with info about other states, the incidence of poisoning, etc. His legal assistant called, we visited, but before we could get anything done, the legislative session ended, as did his term as governor. 3
Read 5 tweets
7 Jun
. @billscher @ThePlumLineGS I knew Robert Byrd well. Testified in front of him on the filibuster in the Rules Committee. Talked to him one-on-one about the Senate and its rules. He had a very different attitude by 2009 than he had in 1975. As did Republicans in the Senate. 1
A super-majority then, in both parties, wanted to work on a compromise. Different now. When he was wheeled into the chamber from his death bed to provide the 60th vote on the ACA, he was angrier than I have ever seen him, shaking his fist and shouting, "Shame, shame" at McConnell
As leader he regularly looked for workarounds, sometimes pretty impressively devious, to make the majority have its say, including against nemeses like James Allen. He did not believe the rules were cast in stone. 3
Read 4 tweets
31 May
@gelliottmorris gives us the money quote on whether the Framers thought the Senate should be governed entirely by minority rule via a filibuster or other means. Here is the quote from Federalist 65:
In all cases where justice or the general good might require new laws to be passed, or active measures to be pursued, the fundamental principle of free government would be reversed. It would be no longer the majority that would rule: the power would be transferred to the minority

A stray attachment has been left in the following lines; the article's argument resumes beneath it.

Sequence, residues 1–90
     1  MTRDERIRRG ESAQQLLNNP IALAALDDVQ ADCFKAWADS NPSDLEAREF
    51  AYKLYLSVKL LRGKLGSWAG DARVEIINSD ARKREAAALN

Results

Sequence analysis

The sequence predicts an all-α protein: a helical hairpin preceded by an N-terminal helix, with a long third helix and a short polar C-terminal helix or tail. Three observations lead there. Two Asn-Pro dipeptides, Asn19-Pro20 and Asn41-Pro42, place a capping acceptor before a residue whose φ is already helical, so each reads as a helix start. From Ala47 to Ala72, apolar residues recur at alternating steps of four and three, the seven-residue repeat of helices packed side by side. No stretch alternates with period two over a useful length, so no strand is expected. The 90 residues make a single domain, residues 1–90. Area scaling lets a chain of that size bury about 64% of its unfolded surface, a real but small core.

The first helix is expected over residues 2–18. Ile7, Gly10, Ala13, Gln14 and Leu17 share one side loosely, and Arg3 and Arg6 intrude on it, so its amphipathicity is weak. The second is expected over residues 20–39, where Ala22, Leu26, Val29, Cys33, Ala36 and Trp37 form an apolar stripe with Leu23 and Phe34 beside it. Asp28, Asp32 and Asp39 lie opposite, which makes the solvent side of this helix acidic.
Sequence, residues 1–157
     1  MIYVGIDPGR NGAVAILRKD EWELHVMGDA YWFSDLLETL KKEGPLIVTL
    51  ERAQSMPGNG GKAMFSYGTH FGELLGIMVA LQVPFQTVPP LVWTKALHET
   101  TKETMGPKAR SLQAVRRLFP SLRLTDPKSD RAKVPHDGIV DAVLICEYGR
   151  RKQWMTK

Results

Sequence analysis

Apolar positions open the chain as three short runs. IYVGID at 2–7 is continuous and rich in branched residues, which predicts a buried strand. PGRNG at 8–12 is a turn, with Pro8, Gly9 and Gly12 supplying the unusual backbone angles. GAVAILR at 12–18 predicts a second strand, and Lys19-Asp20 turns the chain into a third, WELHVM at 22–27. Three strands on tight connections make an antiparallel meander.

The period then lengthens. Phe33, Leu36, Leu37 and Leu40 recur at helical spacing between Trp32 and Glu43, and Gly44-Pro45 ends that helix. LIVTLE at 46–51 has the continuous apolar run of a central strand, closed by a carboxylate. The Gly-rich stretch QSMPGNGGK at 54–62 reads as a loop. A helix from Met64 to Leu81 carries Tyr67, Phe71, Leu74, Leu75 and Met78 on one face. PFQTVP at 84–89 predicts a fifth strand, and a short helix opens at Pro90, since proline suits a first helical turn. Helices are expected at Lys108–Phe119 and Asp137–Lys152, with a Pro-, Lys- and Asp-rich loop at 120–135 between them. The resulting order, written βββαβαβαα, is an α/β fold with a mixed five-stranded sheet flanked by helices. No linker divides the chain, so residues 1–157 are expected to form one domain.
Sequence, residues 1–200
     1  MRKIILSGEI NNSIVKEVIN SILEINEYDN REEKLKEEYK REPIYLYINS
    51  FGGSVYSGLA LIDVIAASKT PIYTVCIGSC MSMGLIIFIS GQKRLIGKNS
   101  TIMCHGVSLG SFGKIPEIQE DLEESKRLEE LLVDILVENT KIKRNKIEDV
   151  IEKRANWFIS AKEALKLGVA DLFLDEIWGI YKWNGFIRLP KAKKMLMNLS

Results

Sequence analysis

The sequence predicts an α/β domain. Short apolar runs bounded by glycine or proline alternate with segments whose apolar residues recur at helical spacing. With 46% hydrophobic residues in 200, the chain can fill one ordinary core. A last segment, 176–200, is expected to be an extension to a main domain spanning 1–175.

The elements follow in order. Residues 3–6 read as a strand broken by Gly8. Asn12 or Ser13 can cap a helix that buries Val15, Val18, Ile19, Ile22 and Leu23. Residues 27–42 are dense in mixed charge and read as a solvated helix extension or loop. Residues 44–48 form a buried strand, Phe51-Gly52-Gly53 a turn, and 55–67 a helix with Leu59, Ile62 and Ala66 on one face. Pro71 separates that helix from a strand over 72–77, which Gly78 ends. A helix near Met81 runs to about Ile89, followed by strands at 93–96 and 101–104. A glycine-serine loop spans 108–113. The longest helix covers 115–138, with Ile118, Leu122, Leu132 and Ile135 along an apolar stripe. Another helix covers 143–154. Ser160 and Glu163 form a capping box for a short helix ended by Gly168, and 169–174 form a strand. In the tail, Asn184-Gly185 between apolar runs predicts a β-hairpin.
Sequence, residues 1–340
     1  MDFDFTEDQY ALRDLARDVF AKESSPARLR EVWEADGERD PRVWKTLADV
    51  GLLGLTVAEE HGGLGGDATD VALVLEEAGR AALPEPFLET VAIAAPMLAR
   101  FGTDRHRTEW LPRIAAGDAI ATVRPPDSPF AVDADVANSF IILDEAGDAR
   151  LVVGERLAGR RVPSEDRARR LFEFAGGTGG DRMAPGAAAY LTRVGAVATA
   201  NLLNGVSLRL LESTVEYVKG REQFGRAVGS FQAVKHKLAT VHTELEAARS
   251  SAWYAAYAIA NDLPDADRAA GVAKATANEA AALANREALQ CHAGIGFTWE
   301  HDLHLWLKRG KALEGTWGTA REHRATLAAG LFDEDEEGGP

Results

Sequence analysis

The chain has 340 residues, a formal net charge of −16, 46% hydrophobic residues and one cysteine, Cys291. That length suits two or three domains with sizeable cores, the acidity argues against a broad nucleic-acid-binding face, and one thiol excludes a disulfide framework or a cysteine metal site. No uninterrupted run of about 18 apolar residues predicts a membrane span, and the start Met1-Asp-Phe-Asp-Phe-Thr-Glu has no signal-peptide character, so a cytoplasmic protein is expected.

Were the defensive privilege limited to particular cases, an interested minority might take advantage of it to screen themselves from equitable sacrifices to the general weal, or, in particular emergencies, to extort unreasonable indulgences.
Read 5 tweets
4 Apr
. @Nate_Cohn makes some good points in his piece on GA. But there is more. Looking at a presidential election, including looking at it through the lens of the barriers provided by the pandemic, does not necessarily translate into what could or would happen in a midterm contest. 1
Some research shows that more convenience matters in lower turnout elections. The evidence is not entirely one-sided. And as more people get familiar with absentee voting, more are likely to employ it. 2
At the same time,Cohn ignores the increased capability of state and local figures to cut selectively the number of polling places and create long lines, including in the early voting days, and the ban on water is very important if there are long lines. 3
Read 6 tweets
17 Mar
Memo to mainstream journalists: Stop treating Mitch McConnell as an institutionalist. No one has blown up more norms. Stop taking everything he says at face value. Do you really think if he employed obstructionist tactics to blow things up that the majority would be helpless?
Use unanimous consent to bring the Senate to a complete halt? The majority can bring back a motion on the previous question to override, or use other rules changes to obviate. Delay every confirmation? Majority can find many ways to expedite. 2
Go to DEFCON 1? Majority can schedule votes and sessions with scant notice, can schedule votes when majority of Rs are going to be back home, telling Ds in advance to organize their schedules. In other words, McConnell's threats are idle. 3
Read 5 tweets

Did Thread Reader help you today?

Support us! We are indie developers!

This site is made by just two indie developers on a laptop doing marketing, support and development! Read more about the story.

Become a Premium Member ($3/month or $30/year) and get exclusive features!

Become Premium

Too expensive? Make a small donation by buying us coffee ($5) or help with server cost ($10)

Donate via Paypal Become our Patreon

Thank you for your support!

Follow Us on Twitter!